Simple Apex class

public class ContinuationRestCall {
    // Unique label corresponding to the continuation
    public String requestLabel;
    // Result of callout
    public String result {get;set;}
    // Callout endpoint as a named credential URL 
    // or, as shown here, as the long-running service URL
    private static final String LONG_RUNNING_SERVICE_URL = 'https://jsonplaceholder.typicode.com/users/1/albums';
    public List<JSONAlbums> jsonParserResult {get;set;}
    // Action method
    public Object startRequest() {
        // Create continuation with a timeout
        Continuation con = new Continuation(40);
        // Set callback method
        con.continuationMethod='processResponse';
        
        // Create callout request
        HttpRequest req = new HttpRequest();
        req.setMethod('GET');
        req.setEndpoint(LONG_RUNNING_SERVICE_URL);
        
        // Add callout request to continuation
        this.requestLabel = con.addHttpRequest(req);
        
        // Return the continuation
        return con;  
    }
    
    // Callback method 
    public Object processResponse() {   
        // Get the response by using the unique label
        HttpResponse response = Continuation.getResponse(this.requestLabel);
        // Set the result variable that is displayed on the Visualforce page
        //this.result = response.getBody();
        this.jsonParserResult = (List<JSONAlbums>) System.JSON.deserialize(response.getBody(), List<JSONAlbums>.class);
        // Return null to re-render the original Visualforce page
        return null;
    }
    
    public class JSONAlbums {
        public Integer userId{get;set;}
        public Integer id{get;set;}
        public String title{get;set;}
    }
    
    
}

 

Visuaforce page

<apex:page controller="ContinuationRestCall" showChat="false" showHeader="false" >
    
    <apex:form >
        <!-- Invokes the action method when the user clicks this button. -->
        <apex:commandButton action="{!startRequest}" 
                            value="Start Request" reRender="result" /> 
    </apex:form>
    
    <apex:pageBlock id="result"  title="Process for Using Asynchronous Callouts">
        <apex:pageBlockSection  columns="1">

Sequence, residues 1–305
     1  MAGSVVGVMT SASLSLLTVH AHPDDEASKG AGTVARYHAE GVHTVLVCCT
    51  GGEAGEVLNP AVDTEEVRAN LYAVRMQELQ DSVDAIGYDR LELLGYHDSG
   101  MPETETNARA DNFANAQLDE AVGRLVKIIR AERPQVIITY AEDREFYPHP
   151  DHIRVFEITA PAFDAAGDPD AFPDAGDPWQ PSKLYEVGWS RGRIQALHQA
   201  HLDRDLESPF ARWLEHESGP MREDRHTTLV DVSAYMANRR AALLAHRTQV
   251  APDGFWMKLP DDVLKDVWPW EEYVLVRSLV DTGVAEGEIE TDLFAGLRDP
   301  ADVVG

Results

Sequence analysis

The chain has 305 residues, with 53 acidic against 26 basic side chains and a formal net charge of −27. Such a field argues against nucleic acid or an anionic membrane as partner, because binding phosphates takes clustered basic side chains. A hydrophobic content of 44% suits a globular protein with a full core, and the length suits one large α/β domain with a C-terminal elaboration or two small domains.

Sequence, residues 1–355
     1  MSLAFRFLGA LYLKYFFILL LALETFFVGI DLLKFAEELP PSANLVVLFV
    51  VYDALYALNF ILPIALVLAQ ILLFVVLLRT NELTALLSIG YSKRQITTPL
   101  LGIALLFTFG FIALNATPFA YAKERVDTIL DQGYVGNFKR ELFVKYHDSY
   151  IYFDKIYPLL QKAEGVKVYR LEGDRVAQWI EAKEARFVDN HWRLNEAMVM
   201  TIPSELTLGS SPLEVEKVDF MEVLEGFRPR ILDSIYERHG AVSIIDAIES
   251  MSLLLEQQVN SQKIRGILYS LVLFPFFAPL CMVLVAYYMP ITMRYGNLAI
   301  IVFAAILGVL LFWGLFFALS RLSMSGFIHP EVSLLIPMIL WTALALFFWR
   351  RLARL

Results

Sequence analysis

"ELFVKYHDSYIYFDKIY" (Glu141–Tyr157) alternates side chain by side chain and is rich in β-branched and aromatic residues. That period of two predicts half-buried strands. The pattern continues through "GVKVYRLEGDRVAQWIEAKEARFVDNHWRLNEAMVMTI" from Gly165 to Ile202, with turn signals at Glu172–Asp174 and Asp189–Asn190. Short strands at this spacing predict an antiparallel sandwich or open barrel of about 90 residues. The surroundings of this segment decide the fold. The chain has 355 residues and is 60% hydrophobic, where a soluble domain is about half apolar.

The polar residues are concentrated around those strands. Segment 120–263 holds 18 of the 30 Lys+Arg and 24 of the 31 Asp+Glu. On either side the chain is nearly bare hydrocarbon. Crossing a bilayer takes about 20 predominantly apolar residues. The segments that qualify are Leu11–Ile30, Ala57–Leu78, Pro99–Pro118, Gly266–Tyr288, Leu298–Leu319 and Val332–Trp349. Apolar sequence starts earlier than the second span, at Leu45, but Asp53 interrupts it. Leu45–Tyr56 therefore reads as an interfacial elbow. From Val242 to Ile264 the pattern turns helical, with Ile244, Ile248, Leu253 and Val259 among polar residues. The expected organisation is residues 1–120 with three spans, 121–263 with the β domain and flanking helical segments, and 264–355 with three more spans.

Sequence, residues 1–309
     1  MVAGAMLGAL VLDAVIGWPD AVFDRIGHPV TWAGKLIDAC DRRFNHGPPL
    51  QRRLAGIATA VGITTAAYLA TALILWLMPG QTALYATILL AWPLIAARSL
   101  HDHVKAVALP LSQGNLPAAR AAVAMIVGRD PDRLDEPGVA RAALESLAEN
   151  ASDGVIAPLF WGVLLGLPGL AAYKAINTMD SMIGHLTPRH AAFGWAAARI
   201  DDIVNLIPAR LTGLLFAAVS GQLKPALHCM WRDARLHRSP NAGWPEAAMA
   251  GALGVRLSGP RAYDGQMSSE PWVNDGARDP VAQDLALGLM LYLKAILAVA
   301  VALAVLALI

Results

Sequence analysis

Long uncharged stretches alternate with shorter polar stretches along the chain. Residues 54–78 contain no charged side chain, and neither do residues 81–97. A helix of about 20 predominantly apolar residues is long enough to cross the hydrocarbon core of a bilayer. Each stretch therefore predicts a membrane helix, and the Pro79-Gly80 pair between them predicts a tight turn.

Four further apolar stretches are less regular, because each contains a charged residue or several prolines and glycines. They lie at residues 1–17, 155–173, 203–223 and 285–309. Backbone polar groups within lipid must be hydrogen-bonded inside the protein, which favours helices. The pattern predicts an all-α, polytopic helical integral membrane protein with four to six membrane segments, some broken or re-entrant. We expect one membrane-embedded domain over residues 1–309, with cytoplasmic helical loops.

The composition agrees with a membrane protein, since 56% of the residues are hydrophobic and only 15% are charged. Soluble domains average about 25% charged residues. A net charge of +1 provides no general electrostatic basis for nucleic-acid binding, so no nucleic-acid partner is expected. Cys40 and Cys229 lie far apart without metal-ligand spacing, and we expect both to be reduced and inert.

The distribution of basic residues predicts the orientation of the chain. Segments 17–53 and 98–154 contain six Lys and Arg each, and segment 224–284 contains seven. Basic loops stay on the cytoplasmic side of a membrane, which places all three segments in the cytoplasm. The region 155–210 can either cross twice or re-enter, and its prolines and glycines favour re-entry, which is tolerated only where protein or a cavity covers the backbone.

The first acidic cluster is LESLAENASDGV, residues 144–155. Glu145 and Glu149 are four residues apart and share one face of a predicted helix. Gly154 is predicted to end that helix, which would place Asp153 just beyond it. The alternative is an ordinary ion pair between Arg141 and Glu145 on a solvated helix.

<apex:pageBlockTable value="{!jsonParserResult}" var="res" >
                <apex:column value="{!res.userId}"  headerValue="userId"/>
                <apex:column value="{!res.id}"  headerValue="id"/>
                <apex:column value="{!res.title}"  headerValue="title"/>
            </apex:pageBlockTable>
        </apex:pageBlockSection>        
    </apex:pageBlock>
</apex:page>
@isTest
private class ContinuationRestCall_Test {
    public static testmethod void testWebService() {
        
        ContinuationRestCall controller = new ContinuationRestCall();
        // Invoke the continuation by calling the action method
        Continuation conti = (Continuation)controller.startRequest();
        
        // Verify that the continuation has the proper requests
        Map<String, HttpRequest> requests = conti.getRequests();
        system.assert(requests.size() == 1);
        system.assert(requests.get(controller.requestLabel) != null);
        
        // Perform mock callout 
        // (i.e. skip the callout and call the callback method)
        HttpResponse response = new HttpResponse();
        response.setBody('Mock response body');   
        // Set the fake response for the continuation     
        Test.setContinuationResponse(controller.requestLabel, response);
        // Invoke callback method
        Object result = Test.invokeContinuationMethod(controller, conti);
        // result is the return value of the callback
        System.assertEquals(null, result);
        // Verify that the controller's result variable
        //   is set to the mock response.
        System.assertEquals('Mock response body', controller.result);
    }
    
}

 

Continuation Status Code 

  • 2000: The timeout was reached, and the server didn’t get a chance to respond.
  • 2001: There was a connection failure.
  • 2002: Exceptions occurred.
  • 2003: The response hasn’t arrived (which also means that the Apex asynchronous callout framework hasn’t resumed).
  • 2004: The response size is too large (greater than 1 MB).

Limitation 

  • You can make up to three asynchronous callouts in a single continuation.
  • Asynchronous callouts are supported only through a Visualforce page. Making an asynchronous callout by invoking the action method outside a Visualforce page, such as in the Developer Console, isn’t supported.
  • Asynchronous callouts are available for Apex controllers and Visualforce pages saved in version 30.0 and later. If JavaScript remoting is used, version 31.0 or later is required.
  • This Continuation pattern does not allow you to make DML operations before the web service is invoked.
  • The server has to return within 2 minutes, or there will be a timeout